It seems to me that the two most important factors in an efficient organization are ruthlessness and liberty.
Students regularly complain that high school history courses “never made it past the Depression!” This reflects a lot of wonderful qualities in teachers—their enthusiasm for the subject as well as their willingness to slow down, re-teach, and listen to student questions. But it also reflects the frustration students feel when they want to reach the late twentieth century but can’t quite get there.
One answer is to apply gardening techniques to the classroom. In the garden, sometimes you have to be ruthless. If a plant fails to perform—yank it out! Likewise, planning a successful year requires you to commit to the idea that the entire narrative matters. Before the year begins, divide the time period of the course into chunks that conform to your year. Break it down by semester, then by week or unit. Stick to your plan ruthlessly.
If you lose a day to snow or illness, move forward anyway. You may have to skip the Salem witchcraft crisis in order to stay on track. You may have to adjust your approach to the Revolution because the day you planned to talk about the French and Indian War disappeared into an all-school assembly. Unless the lost material absolutely cannot be missed, move forward anyway. Those days are like a latte every morning: they really add up.
If the schedule requires ruthlessness, assessment relies more on liberty. Students come to class hoping for pleasure but fearing pain. If you’re lucky, you teach students who have had only positive experiences with history. Even for them, though, there’s always a fear that history will become the dreaded list of names and dates.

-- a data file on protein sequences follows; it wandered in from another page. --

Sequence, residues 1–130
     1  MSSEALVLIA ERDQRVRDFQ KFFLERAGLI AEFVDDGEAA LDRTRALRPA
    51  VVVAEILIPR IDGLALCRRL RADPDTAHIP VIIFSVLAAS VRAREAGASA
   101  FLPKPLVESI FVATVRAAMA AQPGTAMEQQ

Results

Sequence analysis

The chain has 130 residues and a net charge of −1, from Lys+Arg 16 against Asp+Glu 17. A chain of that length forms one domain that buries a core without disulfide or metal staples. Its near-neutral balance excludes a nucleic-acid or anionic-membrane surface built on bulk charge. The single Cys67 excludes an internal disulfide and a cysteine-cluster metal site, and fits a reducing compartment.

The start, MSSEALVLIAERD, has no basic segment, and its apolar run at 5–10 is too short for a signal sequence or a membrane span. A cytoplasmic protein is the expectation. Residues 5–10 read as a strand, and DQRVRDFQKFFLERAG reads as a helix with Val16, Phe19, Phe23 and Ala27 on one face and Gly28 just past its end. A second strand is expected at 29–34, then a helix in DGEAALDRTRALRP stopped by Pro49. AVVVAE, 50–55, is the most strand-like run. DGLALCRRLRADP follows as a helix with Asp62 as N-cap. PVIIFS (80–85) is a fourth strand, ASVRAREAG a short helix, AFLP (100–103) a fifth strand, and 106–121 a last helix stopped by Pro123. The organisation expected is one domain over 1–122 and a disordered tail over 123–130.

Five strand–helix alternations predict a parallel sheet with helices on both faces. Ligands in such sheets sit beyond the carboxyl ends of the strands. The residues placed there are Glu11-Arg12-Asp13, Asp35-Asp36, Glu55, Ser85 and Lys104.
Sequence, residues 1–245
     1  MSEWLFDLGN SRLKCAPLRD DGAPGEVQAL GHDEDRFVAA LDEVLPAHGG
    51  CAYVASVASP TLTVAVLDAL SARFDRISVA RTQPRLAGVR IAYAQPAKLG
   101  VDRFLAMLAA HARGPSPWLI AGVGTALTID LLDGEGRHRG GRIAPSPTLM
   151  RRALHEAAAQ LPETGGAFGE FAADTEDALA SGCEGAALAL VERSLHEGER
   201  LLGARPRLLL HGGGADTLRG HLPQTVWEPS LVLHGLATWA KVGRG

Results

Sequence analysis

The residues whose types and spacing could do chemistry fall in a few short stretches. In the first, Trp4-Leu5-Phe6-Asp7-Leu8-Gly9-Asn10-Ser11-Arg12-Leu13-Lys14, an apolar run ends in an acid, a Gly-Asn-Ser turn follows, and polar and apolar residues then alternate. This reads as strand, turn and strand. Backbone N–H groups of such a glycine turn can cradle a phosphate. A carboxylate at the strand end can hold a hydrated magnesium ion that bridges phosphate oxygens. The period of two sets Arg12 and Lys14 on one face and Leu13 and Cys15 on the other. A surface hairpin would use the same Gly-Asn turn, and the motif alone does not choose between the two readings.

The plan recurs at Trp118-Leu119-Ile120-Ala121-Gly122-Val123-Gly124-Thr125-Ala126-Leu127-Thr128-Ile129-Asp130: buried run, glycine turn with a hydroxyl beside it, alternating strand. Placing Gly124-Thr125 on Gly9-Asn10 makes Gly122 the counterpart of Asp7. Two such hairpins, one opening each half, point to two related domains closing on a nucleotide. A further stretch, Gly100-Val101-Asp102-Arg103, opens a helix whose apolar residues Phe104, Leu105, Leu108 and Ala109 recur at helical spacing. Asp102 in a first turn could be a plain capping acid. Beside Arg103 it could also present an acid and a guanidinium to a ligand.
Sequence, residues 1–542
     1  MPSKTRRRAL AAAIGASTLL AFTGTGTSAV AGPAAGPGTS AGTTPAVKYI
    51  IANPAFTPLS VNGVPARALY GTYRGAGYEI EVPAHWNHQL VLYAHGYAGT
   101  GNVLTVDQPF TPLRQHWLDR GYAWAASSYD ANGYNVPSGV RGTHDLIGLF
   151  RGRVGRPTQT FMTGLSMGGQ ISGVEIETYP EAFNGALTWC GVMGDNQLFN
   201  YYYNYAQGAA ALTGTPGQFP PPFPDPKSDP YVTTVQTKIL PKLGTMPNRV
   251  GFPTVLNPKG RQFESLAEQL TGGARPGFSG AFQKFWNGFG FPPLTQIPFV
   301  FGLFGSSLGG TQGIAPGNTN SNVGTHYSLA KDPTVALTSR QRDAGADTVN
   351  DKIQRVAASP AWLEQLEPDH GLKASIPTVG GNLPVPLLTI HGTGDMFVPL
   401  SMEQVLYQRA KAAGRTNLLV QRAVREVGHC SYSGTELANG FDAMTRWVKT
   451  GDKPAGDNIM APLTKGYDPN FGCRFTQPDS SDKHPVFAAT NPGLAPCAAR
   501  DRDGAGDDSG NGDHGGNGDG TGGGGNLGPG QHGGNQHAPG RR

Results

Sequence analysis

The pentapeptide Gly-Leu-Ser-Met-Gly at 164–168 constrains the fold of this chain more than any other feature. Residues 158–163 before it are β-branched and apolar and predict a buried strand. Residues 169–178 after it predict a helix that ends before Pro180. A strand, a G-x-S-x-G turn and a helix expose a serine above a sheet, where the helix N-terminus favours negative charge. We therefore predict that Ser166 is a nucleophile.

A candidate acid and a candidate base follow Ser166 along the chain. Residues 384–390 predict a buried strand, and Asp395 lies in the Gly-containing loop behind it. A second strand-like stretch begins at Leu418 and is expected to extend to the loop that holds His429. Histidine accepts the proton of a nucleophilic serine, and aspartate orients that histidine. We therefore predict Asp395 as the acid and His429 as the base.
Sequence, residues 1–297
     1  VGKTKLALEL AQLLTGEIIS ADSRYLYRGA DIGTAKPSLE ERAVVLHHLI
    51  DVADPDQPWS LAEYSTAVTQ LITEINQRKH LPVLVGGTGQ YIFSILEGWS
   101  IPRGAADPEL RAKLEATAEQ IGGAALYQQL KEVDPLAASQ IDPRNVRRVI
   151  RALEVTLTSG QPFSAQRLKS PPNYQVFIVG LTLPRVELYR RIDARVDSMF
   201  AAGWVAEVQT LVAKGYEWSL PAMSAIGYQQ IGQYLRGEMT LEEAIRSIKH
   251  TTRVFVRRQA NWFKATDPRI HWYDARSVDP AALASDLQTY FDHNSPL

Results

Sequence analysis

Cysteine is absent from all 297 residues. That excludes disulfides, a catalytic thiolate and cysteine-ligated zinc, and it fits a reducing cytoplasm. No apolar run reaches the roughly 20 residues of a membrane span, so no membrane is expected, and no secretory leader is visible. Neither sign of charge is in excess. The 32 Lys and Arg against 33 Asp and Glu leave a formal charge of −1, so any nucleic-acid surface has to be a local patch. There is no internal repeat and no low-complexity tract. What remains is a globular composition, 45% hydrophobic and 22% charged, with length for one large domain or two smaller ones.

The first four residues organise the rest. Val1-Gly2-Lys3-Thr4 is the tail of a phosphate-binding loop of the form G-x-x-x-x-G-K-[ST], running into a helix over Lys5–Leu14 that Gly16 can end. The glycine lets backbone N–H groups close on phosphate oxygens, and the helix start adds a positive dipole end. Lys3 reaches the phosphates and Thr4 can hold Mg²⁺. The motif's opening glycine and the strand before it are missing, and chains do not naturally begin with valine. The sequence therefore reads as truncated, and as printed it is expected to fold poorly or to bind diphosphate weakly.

Offering students liberty means asking them to write essays about dissent, identity, and hunger. What do those things mean? Let them decide. As they struggle to match historical events and ideas to concepts like resistance, they will have to wrestle with the most difficult questions history has to offer. So how is assessment liberty efficient? For one thing, it invites students to tell you about the ideas they found most compelling and their work is therefore brighter, more forceful and more specific.
As with most things, teaching US history in high school requires balance. A strict sense of where you’re going and when you’ll get there helps keep the class moving forward. Tempering the rigidity of the course outline with an open-minded approach to assignments allows students to shine and to take risks. In the end, what you hope is that you reached the class goal while helping students achieve personal goals, too.